unplanted

even the moon sees me, part iii

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(continued from part i and part ii)

I’m trying to think of a story to tell you, one that began long ago.  I can only go back so far, and I think my memory can only reach back to my fourth year, maybe my third.  I remember these things:  I remember standing on my grandparent’s coffee table, dancing around the vase of plastic flowers.  I remember my grandpa encouraging me, my grandma discouraging him.  I remember a toy box—a rubber chicken, an abalone shell, a fruit fresh can full of chewed up crayons, a plastic flask made to look like a cheese sandwich.  I remember a skeletal foot.  I remember a coloring book so large I could lay in it.  I remember sliding down stairs.  I remember two twin beds in the room where my sister and I slept.  I remember my grandma tucking me in.

grandpa

best pals

I could tell you a story about how my grandmother would ask me to tell her where my grandpa hid his whiskey; I could tell you how she’d send me out to the yard when I’d messed up, how she made me seek out a switch and bring it to her so she could hit it against my legs and backside.  I could tell you about how my grandpa would take me away from there, would protect me from everything, how I had nothing to fear when I was with him.

My grandpa used to sit with me under a tree in the backyard.  We’d look up through the leaves and he’d sing to me.  He’d sing: I see the moon/the moon sees me/down through the leaves/of the old oak tree/please let the light that shines on me/shine on the one I love.

And I felt safe and warm and loved. I was seen. Even the moon saw me.

Even now, more than thirty years later, what I want more than anything is what my grandpa gave me. I want to be cared for the way he cared for me.  I want for someone to know that kid inside me and to I want them to play with her.  I want someone to hide her when trouble comes my way, someone to hold her and sing to her.

It’s only within the past few years that I’ve come to realize that while I was spending this time with my grandpa, my mother was likely in the hospital receiving shock therapy or having her medications adjusted in hopes that she could live more fully in this world.  And I feel gypped and abandoned and I question my relationship with my grandpa.    Would we have been as close had I had a mother to take care of me? Would his house have been a place full of such wonder?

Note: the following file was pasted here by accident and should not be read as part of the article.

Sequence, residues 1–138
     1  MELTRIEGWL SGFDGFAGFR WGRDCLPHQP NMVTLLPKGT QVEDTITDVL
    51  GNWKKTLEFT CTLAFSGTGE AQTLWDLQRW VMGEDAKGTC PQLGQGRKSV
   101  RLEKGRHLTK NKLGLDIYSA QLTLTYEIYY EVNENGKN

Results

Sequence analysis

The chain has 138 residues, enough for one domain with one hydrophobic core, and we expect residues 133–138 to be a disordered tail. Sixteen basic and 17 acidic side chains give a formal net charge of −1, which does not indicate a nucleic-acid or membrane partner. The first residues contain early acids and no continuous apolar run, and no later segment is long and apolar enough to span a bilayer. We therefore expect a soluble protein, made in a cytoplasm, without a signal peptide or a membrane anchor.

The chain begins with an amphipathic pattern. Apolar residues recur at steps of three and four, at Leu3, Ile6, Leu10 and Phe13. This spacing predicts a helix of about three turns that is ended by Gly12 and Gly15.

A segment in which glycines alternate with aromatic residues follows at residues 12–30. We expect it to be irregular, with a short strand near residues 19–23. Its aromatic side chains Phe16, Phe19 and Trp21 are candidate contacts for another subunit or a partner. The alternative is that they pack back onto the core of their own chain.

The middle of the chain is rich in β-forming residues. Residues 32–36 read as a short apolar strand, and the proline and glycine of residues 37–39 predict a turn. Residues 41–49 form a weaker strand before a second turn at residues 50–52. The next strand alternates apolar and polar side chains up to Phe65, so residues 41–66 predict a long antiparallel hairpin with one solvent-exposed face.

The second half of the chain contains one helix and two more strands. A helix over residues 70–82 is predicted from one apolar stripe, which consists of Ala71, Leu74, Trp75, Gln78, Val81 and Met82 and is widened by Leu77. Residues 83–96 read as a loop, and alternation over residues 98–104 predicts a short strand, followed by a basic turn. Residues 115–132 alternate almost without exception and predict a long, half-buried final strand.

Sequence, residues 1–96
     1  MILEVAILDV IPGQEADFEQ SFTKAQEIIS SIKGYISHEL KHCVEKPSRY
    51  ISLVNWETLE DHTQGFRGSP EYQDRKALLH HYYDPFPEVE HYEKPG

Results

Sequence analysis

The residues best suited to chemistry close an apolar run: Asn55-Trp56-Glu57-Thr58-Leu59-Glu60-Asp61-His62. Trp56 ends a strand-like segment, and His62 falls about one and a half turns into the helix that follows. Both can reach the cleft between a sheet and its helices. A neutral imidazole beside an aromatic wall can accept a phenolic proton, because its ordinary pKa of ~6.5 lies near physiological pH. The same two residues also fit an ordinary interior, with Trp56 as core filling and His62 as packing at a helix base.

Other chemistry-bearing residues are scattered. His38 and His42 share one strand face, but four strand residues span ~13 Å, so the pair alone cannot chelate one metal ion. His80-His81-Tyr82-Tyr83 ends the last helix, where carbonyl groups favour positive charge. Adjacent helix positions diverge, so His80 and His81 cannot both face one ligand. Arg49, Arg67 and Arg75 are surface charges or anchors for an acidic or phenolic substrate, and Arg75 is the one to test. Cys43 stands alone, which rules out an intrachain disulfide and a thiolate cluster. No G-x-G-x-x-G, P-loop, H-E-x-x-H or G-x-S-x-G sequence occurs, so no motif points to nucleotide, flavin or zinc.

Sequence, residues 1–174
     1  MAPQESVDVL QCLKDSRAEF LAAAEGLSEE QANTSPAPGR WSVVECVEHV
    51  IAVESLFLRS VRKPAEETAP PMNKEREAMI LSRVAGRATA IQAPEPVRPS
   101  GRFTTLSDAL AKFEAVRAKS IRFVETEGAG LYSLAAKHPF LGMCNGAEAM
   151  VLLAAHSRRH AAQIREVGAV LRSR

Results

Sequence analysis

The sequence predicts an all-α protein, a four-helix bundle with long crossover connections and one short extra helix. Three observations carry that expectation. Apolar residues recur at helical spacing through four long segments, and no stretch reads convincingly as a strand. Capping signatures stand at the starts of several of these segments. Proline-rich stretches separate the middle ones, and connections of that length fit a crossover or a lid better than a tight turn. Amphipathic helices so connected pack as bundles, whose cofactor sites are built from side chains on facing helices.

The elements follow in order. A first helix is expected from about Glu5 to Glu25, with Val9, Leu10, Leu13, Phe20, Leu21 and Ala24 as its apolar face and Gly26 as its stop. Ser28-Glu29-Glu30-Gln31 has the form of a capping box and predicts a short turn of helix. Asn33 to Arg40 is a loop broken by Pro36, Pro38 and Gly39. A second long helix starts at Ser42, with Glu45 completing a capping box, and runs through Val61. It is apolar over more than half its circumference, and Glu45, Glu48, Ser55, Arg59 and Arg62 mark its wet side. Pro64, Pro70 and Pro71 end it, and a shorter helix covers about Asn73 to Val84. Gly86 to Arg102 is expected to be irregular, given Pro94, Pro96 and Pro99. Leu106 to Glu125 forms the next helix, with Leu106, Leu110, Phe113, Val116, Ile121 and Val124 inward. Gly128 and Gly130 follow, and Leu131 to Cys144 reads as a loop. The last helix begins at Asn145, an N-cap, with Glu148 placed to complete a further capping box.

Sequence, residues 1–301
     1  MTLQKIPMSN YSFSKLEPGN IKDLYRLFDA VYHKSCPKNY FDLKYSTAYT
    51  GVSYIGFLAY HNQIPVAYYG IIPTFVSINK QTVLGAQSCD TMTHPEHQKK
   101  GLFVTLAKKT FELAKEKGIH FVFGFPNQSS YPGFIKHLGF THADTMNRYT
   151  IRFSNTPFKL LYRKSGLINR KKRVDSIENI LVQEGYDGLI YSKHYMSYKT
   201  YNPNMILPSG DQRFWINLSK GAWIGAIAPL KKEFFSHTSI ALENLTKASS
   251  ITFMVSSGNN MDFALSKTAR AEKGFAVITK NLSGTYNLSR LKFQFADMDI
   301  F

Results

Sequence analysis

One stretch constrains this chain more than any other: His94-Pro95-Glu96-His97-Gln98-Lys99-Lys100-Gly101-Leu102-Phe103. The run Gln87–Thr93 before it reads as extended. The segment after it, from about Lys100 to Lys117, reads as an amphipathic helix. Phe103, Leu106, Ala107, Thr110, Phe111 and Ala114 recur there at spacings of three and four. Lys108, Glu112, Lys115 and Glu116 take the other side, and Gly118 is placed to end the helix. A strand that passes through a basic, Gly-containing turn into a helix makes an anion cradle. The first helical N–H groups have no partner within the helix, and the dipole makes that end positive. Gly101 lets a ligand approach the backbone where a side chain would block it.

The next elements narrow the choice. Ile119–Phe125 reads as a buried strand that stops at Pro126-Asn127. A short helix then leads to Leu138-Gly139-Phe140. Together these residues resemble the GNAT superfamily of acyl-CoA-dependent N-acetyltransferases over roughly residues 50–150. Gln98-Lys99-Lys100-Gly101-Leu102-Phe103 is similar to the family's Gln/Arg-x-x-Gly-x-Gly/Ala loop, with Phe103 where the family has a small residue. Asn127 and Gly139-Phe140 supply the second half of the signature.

I could question all sorts of things, I suppose, but all I know is what is real.  All I know now is what I have and don’t have.  For years I felt absences far more strongly than presences. Now, though, I am finally, finally in a place where my life is stable and full and good. Instead of yearning to be seen I am thinking about and noticing my own transformation. It seems like this year nearly everything in my world has been about transformation.

My friend J. was asking about a picture she found in a post from my old blog. I remembered the photo, but couldn’t remember what I’d written. I’m glad she brought it up, because last night I read a post in which I’d written not quite three years ago. It’s about how I’d settled down. And I had created a sort of timeline that traced thirteen years of moving and changing:

1993–1995 in the Navy, mostly Bremerton, WA
1995-1996 out of the Navy, nearly married
1996–married, moved from WA to FL
1997–still married, moved from FL to SC and then Puerto Rico
1998–marriage really sucked. moved back to WA
1999–found a place of my own. worked crappy jobs. started school again, ended sucky marriage
2000–moved to a crappier apartment, continued school and crappy job
2001–finished school, kept one crappy job and one good job
2002–moved to OR, started grad school (ambitious)
2003–continued grad school (bitter)
2004–finished grad school, moved back to WA
2004–2005–lived in someone else’s house, had several crappy jobs at once
2005–got current job with dental and medical and retirement. moved into current house
2006–got dog. dog continues to live in current house and i feed him with food i buy with money i earn from my current job, which i have had for three and a half years.

What strikes me is that I did not mention falling in love with or losing Scott. I did not mention my depressions and my growth. I did not mention bursts of writing and long, painful blocks. I did not mention new found relationships. I did not mention a thing about my family.

It’s not possible to create a new timeline—not right now as I sit in a coffee shop. If I were to do it, I would want to have my therapists’ notes nearby. I would want to trace the trajectory of my emotional states and my personal growth. I would want to see the steps I’ve taken to get to a point where I am alive and my life is full.

I think of how I’ve transformed this year alone. I think of the person I was a year ago and who she has become. Nearly everything in my life has changed in one way or another, and I am quite proud of almost all of those changes. I think of the things I have done, especially the ways I’ve gained and learned to use my personal power. I think of how much I have learned about my Self and that little kid that lives inside me. And I think of how I am learning to see them—just like the moon sees me.

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Author: Kim Sharp

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